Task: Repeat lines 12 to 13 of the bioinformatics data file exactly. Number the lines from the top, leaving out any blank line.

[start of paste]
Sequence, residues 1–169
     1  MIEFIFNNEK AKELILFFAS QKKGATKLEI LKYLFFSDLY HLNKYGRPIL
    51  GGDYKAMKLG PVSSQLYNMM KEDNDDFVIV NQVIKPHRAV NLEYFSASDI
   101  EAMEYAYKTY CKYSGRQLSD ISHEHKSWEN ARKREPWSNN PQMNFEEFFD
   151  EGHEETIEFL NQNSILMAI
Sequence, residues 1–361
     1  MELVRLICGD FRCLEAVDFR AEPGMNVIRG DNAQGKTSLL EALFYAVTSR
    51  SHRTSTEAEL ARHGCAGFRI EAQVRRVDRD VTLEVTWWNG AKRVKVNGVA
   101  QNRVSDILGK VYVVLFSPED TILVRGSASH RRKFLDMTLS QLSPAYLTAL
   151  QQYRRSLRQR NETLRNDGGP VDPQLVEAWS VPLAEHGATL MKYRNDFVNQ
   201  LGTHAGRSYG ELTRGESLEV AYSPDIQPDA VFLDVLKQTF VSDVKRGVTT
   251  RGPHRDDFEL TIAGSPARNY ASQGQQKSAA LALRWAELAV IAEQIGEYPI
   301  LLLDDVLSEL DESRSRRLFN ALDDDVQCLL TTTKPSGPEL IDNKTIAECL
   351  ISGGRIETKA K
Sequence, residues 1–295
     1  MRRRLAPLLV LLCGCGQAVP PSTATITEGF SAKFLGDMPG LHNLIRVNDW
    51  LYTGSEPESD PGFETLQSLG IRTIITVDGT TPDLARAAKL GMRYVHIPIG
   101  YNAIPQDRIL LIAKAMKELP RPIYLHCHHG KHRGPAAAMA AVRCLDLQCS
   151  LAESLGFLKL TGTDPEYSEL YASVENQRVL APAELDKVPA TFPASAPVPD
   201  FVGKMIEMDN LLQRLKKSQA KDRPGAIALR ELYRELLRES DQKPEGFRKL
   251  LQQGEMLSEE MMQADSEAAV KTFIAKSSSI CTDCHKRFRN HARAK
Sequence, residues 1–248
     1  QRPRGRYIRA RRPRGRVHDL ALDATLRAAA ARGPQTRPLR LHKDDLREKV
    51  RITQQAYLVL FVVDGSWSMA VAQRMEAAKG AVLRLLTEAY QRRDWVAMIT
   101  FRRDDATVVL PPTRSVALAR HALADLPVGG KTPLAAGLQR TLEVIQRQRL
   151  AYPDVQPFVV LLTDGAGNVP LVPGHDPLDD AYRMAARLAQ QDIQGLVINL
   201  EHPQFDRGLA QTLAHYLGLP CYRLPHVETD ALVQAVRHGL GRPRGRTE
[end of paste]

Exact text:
   251  RGPHRDDFEL TIAGSPARNY ASQGQQKSAA LALRWAELAV IAEQIGEYPI
   301  LLLDDVLSEL DESRSRRLFN ALDDDVQCLL TTTKPSGPEL IDNKTIAECL